Shares of Apple (AAPL) soared another 4% and neared $600 on Wednesday in the wake of an exceptionally bullish research note that raised the prospect of the tech giant reaching quadruple-digits soon.
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The latest leap leaves the iPad and iPhone maker up more than 40% so far this year alone and further cements its title as the world’s most valuable company at north of $550 billion.
Wall Street cheered as Morgan Stanley added Apple to its best ideas list and placed a lofty 12-month price target of $720 on the stock, up 40% from its earlier target of just $515. The new price target implies a further gain of nearly 27% from the stock’s closing price of $568.02 on Tuesday.
However, traders appeared to be really focused by a bold prediction that Apple’s stock could near $1,000 by the end of next year.
Morgan Stanley analyst Katy Huberty placed an end-2013 target of $960 on Apple, which would leave the stock up a whopping 69% since Tuesday’s close and more than triple its 52-week low of $310.50 set last June.
"We believe Apple’s earnings power is potentially far greater than investors believe and our prior bull case model suggested," Huberty wrote.
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New earnings growth at Apple could stem from enterprise tablet adoption, margin upside thanks in part to a mix of mobile device and emerging market growth for the blockbuster iPhone further into places like China, Huberty predicted.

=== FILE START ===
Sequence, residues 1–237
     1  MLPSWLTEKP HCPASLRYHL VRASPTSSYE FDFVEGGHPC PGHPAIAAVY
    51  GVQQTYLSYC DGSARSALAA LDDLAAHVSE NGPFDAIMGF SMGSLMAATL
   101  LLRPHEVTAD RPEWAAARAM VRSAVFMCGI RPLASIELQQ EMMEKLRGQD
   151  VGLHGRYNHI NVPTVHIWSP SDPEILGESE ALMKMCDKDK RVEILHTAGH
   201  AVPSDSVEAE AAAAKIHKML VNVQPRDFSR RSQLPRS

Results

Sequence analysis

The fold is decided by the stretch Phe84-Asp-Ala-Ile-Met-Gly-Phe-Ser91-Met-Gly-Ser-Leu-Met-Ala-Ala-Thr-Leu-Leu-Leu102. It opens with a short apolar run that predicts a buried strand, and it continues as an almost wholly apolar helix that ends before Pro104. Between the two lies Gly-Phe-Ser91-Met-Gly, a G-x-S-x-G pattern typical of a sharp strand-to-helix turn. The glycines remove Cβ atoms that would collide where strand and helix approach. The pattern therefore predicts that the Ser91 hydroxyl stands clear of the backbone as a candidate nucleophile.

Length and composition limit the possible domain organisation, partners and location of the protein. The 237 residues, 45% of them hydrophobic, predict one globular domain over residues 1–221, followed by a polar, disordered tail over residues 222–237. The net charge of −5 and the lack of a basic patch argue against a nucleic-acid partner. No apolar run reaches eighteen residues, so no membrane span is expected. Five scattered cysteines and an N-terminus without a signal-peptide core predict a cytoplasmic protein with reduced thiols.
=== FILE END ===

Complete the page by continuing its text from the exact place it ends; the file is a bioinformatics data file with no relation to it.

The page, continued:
Huberty defends the $960 call as "reasonable" due to capital expenditure forecasts from Apple that predict a similar revenue trajectory and the fact that this prediction doesn't include potentially bullish categories like Apple TV and low-priced iPhone.
After rallying through much of the day, Apple shares took off in early afternoon action, leaping as high as $594.72. In recent action, they were up 3.74% to $589.26.
"Even here it is 'inexpensive' on traditional valuation metrics, and with a ton of cash. Tough to find anyone who isn't in love with Apple, and with good reason," Michael James, director of equity trading at Wedbush Securities, wrote in an e-mail.
With that in mind, Morgan notes that Apple trades at less than 10 times the brokerage's base case scenario and just 7.1 times its bull case.
Apple has been on a tear since revealing first-quarter results in late January that absolutely blew away Wall Street’s expectations. Powered by record shipments of iPads, iPhones and Macs, Apple more than doubled its quarterly profits and generated sales of $46.33 billion.
Since then, Apple has unveiled a third generation of the tablet iPad and hasn’t ruled out the possibility of eventually returning some of its huge stockpile of cash to shareholders via a dividend.
The ensuing rally allowed Apple to recapture the title of most valuable company in the world from energy giant ExxonMobil (XOM), which at $407 billion is now worth about $143 billion less than Apple.
"It's hard to find fault with optimistic views on Apple given the product momentum," said James. "The continued strength in the stock is forcing people who may not want to buy it to almost have to buy it due to its weighting in various indexes, particularly the NASDAQ."
Apple accounts for an incredible 16.48% of the closely-watched, weighted Nasdaq 100, which includes 100 of the world's largest tech stocks.